At a time when many artists are feeling more financially strained than ever before, one of the most coveted grants in the arts is expanding. The Doris Duke Charitable Foundation has responded to the economic crisis by handing out eight Doris Duke Artist Awards, up from six in 2019.
What's more, half of those have gone to dance artists: Ana María Alvarez of CONTRA-TIEMPO in Los Angeles, Sean Dorsey of San Francisco's Sean Dorsey Dance and Fresh Meat Festival, Rennie Harris of Philadelphia's Rennie Harris Puremovement and New York City contemporary choreographer Pam Tanowitz.
The 2020 Doris Duke Artist Awards come with a $275,000 grant—$250,000 of which is completely unrestricted, plus $25,000 meant to encourage savings for retirement.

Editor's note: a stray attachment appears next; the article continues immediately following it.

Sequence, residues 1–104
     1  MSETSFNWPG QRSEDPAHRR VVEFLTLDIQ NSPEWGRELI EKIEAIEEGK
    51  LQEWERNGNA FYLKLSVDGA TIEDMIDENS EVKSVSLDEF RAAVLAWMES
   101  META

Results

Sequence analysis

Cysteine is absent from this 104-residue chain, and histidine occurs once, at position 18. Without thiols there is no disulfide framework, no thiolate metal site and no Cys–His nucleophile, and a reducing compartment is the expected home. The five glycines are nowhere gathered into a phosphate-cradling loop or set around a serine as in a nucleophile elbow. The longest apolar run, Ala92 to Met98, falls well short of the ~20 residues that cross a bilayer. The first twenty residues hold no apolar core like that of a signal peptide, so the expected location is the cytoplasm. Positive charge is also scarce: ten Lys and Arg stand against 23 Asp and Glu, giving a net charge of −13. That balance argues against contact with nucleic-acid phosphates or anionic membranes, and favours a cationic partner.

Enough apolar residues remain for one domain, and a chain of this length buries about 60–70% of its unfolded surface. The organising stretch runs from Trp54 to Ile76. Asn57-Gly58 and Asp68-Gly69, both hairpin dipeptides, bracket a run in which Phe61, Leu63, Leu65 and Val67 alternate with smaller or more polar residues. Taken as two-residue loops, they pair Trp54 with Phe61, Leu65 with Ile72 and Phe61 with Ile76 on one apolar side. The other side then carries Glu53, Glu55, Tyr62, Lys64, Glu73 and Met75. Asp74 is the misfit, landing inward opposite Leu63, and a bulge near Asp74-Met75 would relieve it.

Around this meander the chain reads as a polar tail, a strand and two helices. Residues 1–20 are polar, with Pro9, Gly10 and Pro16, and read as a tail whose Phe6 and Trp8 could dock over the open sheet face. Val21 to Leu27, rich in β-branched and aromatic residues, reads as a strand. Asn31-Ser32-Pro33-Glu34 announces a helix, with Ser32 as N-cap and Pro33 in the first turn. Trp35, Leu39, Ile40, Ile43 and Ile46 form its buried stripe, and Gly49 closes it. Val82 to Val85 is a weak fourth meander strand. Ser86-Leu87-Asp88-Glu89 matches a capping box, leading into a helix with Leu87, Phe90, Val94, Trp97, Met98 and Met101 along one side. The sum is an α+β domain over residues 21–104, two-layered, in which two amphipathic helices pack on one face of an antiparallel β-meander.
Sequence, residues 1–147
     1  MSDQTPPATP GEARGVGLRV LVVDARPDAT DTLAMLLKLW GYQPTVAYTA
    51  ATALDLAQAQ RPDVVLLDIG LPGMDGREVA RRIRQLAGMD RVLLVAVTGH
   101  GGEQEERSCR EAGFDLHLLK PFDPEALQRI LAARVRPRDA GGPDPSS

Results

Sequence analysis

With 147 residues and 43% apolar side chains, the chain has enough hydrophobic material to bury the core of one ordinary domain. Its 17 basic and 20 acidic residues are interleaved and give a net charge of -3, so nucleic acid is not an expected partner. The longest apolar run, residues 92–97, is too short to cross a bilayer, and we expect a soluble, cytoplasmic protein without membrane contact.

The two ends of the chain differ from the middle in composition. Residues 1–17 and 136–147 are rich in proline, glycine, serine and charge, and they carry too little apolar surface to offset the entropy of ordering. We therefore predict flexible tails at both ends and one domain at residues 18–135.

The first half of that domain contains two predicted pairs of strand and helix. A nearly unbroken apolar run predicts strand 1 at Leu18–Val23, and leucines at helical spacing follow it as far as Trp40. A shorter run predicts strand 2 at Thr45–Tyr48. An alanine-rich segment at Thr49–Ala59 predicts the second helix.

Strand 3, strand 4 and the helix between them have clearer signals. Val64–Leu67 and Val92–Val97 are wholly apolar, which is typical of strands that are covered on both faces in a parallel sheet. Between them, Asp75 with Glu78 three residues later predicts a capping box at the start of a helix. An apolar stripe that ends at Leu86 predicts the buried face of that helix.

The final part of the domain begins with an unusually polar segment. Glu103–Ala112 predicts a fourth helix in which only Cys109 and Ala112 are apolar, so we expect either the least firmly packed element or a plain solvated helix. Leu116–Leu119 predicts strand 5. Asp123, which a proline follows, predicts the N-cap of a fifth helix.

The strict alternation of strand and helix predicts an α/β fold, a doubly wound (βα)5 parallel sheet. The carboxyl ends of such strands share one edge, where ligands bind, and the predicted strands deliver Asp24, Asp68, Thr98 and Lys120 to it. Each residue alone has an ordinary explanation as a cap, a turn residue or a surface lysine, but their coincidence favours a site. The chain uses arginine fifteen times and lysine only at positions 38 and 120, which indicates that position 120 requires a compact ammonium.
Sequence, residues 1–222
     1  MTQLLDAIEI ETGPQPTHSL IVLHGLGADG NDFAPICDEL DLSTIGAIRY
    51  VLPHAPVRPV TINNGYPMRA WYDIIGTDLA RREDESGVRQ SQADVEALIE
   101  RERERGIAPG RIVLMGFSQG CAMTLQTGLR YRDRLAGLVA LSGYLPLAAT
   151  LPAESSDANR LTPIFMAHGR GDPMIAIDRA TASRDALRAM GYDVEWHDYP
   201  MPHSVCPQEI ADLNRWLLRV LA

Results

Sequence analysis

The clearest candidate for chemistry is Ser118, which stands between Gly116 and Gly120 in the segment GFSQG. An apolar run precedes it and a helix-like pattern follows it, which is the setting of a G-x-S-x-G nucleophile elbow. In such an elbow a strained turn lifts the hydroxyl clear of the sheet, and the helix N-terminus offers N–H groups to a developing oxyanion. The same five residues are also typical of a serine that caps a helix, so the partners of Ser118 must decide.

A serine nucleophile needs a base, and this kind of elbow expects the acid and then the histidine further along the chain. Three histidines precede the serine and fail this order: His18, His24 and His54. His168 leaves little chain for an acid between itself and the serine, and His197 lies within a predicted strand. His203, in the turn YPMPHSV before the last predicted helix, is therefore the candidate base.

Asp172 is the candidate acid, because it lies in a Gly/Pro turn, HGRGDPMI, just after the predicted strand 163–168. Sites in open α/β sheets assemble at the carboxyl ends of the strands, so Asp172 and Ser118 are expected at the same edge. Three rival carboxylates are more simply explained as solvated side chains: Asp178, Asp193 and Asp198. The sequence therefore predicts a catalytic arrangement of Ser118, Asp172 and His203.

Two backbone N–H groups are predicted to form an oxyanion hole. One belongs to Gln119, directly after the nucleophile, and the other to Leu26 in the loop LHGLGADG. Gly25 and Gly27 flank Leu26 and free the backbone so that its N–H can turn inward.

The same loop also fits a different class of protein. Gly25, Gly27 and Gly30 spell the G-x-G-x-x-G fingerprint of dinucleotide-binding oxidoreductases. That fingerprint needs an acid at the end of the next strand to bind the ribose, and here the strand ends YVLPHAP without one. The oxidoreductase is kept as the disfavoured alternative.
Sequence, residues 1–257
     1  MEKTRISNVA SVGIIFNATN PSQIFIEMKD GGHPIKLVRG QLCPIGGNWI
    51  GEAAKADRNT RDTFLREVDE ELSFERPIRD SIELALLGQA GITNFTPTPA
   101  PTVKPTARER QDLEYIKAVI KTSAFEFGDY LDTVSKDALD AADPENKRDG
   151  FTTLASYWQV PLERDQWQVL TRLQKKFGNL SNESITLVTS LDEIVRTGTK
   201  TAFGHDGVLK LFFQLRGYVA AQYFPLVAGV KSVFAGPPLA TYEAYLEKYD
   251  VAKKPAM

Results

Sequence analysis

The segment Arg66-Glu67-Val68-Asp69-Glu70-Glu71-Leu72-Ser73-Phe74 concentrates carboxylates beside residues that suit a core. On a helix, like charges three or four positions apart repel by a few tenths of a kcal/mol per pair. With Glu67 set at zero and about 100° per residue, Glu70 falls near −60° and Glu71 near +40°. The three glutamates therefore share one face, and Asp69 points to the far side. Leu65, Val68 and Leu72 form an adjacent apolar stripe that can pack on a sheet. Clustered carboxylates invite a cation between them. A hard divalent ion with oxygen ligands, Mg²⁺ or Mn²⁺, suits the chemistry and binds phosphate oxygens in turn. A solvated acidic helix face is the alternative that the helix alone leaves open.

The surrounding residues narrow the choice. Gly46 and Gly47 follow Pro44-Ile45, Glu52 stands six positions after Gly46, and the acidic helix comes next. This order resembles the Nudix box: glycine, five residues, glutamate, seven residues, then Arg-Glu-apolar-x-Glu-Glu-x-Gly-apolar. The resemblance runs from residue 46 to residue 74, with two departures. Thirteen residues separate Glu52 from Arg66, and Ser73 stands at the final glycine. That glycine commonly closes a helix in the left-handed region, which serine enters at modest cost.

As Dance Magazine has covered before, this kind of no-strings-attached funding can have a huge impact on artists. Tanowitz explained in a press release, "As a choreographer, I'm most driven by the people I collaborate with in the studio, and because I like to work with a large team, I've always prioritized them before myself for the sake of the work. With this unique support from the Doris Duke Charitable Foundation, I will no longer have to choose. For the first time, I will be able to invest in my own well-being worry free and continue to prioritize my collaborators."